CMS officials on Wednesday said they will publish a previously undisclosed list of more than 400 nursing homes that have been cited for persistent health and safety violations but haven't received increased federal scrutiny.
The agency has been criticized for its lack of transparency and failure to report some underperforming nursing homes. The list includes "candidates" for the CMS' Special Focus Facility initiative, which gives operators with persistently poor care records incentives to improve their performance. The nursing homes undergo increased site inspections and incur penalties up to being excluded from Medicare and Medicaid.
CMS Chief Medical Officer Dr. Kate Goodrich did not provide a time frame for when the agency would post the list.
Sens. Bob Casey (D-Pa.) and Pat Toomey (R-Pa.) on Monday released a report that published the names of Special Focus candidates, citing the need for greater transparency for patients and their families.
"Oversight of America's poorest quality nursing homes falls short of what taxpayers should expect," the report said.
Goodrich welcomed the transparency discussion but noted there is more detailed quality information available on the agency's "consumer-friendly" Nursing Home Compare website.
"Improving safety and quality in America's nursing homes is one of CMS' top priorities," she said.
But the Nursing Home Compare site doesn't mention whether nursing homes are candidates for Special Focus. The Senate report found the star ratings of candidate nursing homes did not always reflect their status. More than a quarter of candidate facilities had a two-star rating and 48% achieved three stars or higher for quality. Nine Special Focus candidates scored a five-star rating for staffing and quality, according to the report.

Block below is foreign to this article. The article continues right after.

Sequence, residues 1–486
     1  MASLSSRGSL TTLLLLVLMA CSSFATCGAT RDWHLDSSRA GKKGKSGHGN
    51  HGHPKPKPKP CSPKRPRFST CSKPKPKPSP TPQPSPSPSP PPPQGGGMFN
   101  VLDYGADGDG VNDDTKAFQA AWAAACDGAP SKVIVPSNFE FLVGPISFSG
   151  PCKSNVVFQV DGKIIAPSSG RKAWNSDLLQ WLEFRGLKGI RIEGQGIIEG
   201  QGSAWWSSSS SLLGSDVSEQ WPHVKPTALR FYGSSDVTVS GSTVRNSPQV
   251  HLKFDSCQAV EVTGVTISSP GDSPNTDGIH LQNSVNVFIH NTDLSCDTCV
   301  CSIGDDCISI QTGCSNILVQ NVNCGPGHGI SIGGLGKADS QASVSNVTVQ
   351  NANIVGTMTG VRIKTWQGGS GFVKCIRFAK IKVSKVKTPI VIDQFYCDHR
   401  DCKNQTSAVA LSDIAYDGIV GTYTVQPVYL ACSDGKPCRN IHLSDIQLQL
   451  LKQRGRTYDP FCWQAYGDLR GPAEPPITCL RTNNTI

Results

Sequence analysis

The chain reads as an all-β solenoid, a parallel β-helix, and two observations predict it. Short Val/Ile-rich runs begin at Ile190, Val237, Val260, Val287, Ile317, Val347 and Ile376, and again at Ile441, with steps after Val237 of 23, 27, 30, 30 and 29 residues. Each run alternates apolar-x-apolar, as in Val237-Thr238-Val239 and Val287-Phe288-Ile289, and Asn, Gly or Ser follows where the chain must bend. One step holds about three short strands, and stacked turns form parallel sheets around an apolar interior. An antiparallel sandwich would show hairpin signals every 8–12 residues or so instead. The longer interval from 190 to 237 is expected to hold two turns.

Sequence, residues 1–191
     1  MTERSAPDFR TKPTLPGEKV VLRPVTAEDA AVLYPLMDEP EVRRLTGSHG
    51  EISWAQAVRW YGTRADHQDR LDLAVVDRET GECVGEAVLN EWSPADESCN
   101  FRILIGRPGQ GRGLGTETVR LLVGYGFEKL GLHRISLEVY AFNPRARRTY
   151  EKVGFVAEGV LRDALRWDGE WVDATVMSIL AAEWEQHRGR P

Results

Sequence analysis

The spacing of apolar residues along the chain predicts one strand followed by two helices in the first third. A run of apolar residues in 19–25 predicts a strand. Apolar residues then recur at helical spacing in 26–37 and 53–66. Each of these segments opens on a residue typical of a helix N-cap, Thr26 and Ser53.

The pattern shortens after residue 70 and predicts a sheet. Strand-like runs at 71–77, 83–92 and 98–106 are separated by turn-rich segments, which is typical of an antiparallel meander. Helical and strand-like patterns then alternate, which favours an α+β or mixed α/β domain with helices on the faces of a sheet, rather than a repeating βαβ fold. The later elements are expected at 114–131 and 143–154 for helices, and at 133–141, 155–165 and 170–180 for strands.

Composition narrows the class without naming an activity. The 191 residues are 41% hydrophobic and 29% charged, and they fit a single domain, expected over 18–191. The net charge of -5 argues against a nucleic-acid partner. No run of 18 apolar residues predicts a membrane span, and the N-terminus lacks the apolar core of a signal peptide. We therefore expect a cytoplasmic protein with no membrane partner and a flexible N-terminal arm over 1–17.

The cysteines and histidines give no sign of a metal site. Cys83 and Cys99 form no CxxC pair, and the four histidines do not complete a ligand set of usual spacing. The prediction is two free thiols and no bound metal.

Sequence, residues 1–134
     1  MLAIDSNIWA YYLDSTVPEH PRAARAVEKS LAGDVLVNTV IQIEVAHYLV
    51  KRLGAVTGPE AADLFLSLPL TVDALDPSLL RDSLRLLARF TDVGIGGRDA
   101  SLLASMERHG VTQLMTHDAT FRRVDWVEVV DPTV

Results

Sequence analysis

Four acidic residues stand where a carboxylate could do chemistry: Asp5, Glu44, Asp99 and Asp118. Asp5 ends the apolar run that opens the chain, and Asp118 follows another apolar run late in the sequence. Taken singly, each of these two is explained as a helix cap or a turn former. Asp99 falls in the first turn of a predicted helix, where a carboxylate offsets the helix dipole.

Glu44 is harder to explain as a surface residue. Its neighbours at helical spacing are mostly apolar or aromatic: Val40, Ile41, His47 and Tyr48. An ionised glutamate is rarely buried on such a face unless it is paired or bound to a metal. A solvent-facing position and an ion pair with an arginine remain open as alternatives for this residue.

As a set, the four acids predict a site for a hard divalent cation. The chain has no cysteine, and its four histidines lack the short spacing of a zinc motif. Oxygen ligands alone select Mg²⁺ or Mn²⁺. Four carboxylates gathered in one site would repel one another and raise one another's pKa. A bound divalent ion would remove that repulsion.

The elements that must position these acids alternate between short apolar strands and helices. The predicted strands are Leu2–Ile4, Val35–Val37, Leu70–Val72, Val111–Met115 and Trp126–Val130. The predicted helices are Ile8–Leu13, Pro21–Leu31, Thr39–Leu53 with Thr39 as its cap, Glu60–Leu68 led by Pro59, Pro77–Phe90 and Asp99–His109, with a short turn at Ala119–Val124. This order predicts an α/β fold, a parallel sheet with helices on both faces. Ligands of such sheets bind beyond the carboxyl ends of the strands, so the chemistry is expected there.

The CMS usually chooses approximately five of the poorest-performing nursing homes to participate in Special Focus, and states pick the best candidates. The selected nursing homes usually have similar quality and safety performance compared with other candidates.
Special Focus nursing homes receive an inspection every six months compared with at least once every 15 months for all other facilities, including Special Focus candidates.
Approximately 3% of nursing homes participate or are candidates for Special Focus. Goodrich said more than 90% of participants end up "graduating" from the program by sustaining significant improvements for about 12 months. About 10% of program participants end up being banned from receiving Medicare and Medicaid, which often times leads to a nursing home shutting its doors soon after.
The agency is still looking at better ways to publish candidate information, and it wants to update the list monthly, Goodrich said. CMS Administrator Seema Verma in April named increasing transparency as one of her priorities in a five-part plan to improve care quality in nursing homes. Other priorities include enhancing enforcement and reducing providers' administrative burdens.